Finish line behavior
By Dana Stetson
If you ever have an opportunity to watch the finish of any large race, you will get to see all kinds of what race anthropologists call mighty bizarre finish line behavior. One prime example of this is what I call the hard-core competitor. This person comes in fast with a singular purpose. They would sprint over baby chipmunks to beat anybody in sight.
I belong to this category and understand this mindset completely. Another type of finish line behavior is the photo finish group. These runners putt-putt along the entire race just to run fast in the final moments. Their race consists of a huge warm-up for an explosive finish.
A different category is the even-pacers. These persons pace themselves pretty well throughout the event. They cruise in completely under control, not really hurting, actually having a good time. It’s easy to see the attraction of this type of running.
The one category of finish line behavior that I find most interesting is that of the “man-thing” finish. This occurs when you have a fairly normal male runner, not the fastest and not the slowest, but somewhere buried way in the middle of all the action. He approaches the race finish after a long decent effort, he is tired, his shoulders are down and his form is no longer crisp.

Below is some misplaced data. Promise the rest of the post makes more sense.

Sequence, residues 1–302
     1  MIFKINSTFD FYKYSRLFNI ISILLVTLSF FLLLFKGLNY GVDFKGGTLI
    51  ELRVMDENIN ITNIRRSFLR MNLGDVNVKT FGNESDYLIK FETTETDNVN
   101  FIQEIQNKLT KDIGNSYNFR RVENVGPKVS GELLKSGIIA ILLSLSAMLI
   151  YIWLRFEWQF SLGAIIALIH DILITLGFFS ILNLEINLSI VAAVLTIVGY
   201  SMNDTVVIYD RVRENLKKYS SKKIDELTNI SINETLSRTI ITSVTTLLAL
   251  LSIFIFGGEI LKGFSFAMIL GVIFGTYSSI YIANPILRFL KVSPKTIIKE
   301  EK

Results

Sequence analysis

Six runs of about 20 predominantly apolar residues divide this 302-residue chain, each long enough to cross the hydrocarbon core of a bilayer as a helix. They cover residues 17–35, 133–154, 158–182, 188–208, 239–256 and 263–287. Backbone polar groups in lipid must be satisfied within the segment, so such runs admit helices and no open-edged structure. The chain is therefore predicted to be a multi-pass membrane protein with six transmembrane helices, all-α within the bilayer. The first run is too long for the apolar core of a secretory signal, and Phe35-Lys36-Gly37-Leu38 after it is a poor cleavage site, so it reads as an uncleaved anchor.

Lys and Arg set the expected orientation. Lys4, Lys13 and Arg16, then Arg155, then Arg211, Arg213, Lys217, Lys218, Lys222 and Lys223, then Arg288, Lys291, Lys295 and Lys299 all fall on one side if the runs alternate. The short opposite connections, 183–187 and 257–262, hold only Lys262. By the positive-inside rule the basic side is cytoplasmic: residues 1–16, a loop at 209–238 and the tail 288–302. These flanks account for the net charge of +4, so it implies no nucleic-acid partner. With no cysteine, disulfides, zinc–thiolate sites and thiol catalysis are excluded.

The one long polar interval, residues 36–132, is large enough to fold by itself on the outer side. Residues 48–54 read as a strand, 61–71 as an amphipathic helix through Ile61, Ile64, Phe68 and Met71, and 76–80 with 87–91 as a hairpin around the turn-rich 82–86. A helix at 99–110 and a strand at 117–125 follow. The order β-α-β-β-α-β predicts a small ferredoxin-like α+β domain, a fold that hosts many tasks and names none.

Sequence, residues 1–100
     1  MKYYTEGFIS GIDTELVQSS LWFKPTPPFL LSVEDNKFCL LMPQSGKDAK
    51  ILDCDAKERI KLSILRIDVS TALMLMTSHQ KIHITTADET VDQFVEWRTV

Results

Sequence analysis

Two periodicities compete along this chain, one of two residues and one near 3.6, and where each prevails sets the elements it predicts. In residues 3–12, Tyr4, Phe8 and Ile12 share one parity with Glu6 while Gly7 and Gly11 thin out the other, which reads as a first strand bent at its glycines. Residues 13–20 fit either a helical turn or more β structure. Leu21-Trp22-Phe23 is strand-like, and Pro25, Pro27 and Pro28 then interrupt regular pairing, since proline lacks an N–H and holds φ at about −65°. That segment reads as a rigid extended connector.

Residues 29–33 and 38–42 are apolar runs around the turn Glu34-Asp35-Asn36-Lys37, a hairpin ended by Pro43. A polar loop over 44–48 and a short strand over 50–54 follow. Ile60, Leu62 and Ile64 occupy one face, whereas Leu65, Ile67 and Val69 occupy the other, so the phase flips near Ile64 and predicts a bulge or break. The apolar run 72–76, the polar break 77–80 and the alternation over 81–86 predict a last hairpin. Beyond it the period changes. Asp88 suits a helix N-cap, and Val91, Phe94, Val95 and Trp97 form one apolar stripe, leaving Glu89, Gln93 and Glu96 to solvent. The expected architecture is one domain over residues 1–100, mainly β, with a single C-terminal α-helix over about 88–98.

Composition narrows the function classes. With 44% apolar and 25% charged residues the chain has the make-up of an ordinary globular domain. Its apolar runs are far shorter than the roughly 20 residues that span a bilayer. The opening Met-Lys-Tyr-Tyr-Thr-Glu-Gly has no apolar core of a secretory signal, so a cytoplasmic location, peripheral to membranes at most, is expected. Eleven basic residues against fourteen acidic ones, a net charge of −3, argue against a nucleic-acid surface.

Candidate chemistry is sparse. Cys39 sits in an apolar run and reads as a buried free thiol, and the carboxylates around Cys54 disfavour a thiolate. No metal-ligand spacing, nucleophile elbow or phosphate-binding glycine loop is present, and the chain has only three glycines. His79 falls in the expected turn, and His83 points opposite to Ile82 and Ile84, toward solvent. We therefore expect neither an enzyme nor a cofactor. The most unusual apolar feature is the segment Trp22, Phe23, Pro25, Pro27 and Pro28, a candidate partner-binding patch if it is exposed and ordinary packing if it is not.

He seems resigned to finish this race at this tired pace. Somewhere in the last quarter mile or so he sees a runner, a woman runner who is surely going to beat him. It is at this precise moment the miracle of the “man-thing” kicks in. This previously whipped puppy regains his form, loses at least five years off his age, and begins to accelerate in a superhuman effort to avenge his sex.
Win or lose he flops into the chute and reverts to his original condition, only sweatier and smellier. These miracle “man-thing” finishes occur with a specific, almost mathematical regularity. While conducting a semi-scientific survey this writer learned that of all the women runners interviewed, any that were passed this way had their own perception of those finishes. Almost all of the male runners interviewed, also had personal knowledge of this unique social phenomena. Interestingly enough, there does not appear to be a female version of the same behavior. One must wonder why that would be?